A second option is a clandestine operation. This could involve tradecraft (human spies, special forces, etc) or offensive cyber operations. Ben Buchanan offers three categories of cyber attacks that can be usefully extended to clandestine operations in general: espionage (stealing information), sabotage (degrading some capability) and destabilisation (such as the Russian interference in the 2016 US election).
Espionage could involve exfiltrating (copying, stealing) the model/system, the code itself – so as to deploy it oneself, ideally before one’s rival. This could be done through human assets (defections, stealing plans like Fuchs, etc) or cyber assets. Sabotage targets could include servers in data centres, power plants or grids that power them, or data poisoning attacks on the training data. Destabilisation - through the use of dis/misinformation or targeted leaks - could target a rival's population to undermine state funding for a project or the organisational leadership of the project. Both sabotage and destabilisation would arguably only delay rather than prevent a determined adversary. Again, cyber operations might not work – and if they do not, might escalate to further coercive action.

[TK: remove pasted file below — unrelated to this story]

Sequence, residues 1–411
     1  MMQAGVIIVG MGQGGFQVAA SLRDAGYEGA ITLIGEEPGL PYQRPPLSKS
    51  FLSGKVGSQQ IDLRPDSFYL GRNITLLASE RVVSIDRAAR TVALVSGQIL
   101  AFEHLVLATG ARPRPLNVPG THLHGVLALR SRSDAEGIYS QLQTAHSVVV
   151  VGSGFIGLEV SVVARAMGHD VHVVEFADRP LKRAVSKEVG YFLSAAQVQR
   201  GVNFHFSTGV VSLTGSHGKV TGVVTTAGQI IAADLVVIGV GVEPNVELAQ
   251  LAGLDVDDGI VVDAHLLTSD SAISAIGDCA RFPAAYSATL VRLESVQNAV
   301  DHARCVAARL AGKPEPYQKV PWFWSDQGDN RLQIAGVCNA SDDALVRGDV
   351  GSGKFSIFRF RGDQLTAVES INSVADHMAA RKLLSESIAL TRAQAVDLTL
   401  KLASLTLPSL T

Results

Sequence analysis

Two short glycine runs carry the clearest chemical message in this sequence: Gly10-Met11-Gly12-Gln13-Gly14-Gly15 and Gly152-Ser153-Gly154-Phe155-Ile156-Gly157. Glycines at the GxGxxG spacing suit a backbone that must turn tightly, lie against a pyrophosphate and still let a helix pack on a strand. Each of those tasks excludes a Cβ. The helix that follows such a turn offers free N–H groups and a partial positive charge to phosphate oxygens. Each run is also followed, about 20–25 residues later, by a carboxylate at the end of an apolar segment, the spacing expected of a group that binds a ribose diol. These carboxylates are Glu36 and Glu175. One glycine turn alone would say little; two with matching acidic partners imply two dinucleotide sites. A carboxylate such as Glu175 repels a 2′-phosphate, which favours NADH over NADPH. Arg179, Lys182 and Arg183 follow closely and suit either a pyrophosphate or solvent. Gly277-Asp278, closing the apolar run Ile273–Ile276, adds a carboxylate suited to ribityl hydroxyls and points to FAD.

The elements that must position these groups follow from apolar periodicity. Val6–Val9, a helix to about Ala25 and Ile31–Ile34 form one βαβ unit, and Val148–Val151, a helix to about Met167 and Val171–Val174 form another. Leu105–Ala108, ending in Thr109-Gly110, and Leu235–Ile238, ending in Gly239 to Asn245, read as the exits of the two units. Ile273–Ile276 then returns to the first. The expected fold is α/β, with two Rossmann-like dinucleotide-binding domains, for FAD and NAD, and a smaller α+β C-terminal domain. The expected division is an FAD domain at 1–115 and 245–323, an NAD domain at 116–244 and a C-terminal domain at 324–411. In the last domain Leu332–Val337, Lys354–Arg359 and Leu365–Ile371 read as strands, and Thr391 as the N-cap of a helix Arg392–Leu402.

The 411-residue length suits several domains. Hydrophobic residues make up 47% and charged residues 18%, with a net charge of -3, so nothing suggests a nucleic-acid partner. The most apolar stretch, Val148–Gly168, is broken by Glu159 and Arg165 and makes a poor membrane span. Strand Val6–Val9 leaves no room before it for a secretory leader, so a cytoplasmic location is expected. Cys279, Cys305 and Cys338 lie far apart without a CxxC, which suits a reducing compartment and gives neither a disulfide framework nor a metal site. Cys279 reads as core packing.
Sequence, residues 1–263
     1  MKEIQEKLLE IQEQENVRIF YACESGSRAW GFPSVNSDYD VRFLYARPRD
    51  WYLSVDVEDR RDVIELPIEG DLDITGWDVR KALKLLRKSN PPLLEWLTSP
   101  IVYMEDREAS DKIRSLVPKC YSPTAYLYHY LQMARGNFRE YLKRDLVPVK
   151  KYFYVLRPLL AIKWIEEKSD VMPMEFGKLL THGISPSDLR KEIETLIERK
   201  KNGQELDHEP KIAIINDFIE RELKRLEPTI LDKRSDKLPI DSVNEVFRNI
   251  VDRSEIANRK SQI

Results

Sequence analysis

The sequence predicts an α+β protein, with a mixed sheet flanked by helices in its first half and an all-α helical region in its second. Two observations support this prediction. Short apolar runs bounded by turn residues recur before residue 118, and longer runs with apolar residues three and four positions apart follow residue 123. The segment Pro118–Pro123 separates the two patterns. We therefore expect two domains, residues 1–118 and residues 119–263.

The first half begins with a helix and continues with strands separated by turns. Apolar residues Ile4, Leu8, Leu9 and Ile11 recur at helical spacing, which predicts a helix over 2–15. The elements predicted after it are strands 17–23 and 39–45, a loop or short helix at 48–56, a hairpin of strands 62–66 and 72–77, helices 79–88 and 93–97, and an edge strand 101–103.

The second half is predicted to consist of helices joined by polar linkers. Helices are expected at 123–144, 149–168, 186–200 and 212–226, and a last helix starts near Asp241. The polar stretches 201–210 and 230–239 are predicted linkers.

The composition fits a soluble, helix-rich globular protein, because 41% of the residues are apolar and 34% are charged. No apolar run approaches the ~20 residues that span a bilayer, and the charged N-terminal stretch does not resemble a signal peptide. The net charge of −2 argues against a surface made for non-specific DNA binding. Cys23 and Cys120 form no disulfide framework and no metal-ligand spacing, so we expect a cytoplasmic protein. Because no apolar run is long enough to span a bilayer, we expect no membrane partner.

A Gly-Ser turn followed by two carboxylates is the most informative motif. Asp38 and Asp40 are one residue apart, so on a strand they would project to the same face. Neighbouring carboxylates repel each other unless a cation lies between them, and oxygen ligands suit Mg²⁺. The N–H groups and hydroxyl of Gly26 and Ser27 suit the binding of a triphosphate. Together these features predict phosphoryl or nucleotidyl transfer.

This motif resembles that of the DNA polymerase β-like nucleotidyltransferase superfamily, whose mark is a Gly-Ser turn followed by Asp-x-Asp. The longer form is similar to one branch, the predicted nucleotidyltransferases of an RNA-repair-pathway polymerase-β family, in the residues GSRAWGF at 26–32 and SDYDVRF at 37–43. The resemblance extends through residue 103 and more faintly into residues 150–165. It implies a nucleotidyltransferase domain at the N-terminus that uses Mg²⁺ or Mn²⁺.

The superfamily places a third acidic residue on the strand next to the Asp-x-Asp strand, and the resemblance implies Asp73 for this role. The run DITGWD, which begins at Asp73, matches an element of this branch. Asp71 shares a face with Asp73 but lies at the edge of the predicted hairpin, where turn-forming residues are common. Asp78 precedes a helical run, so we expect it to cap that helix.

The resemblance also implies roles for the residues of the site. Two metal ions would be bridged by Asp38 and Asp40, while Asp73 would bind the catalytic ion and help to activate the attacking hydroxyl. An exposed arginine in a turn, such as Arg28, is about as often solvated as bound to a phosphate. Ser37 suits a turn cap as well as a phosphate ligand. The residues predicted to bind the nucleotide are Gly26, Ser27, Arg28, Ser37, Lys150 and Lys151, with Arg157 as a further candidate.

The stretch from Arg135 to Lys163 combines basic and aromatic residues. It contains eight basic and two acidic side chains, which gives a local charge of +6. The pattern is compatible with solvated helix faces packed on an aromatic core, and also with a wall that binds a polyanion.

This option would be analogous to the USA and Israel’s ‘Olympic Games’/Stuxnet cyber sabotage attack. In the late 2000s the worm targeted the Iranian nuclear program, successfully destroying a significant percentage of Iran’s centrifuge and delaying their enrichment program. The USA also may have interfered in North Korea’s missile launches. In both cases, this may only have delayed the rival states. (Luckily, there is no evidence yet of great powers interfering in one another’s nuclear systems.)
3.3 Further escalation
Further escalatory steps could involve the threat of conventional military strikes on infrastructure. For example, Israel carried out a strike on a possible Syrian nuclear program, and has threatened to strike the Iranian program.
In this short piece, I have argued that if the deployment of advanced AI by one state is viewed as threatening by another state, then that state is therefore faced with the rival deployment problem – what should they do faced with this possible challenge to their values and interests? Acquiesence seems unlikely, and threatening a coercive response could be catastrophic.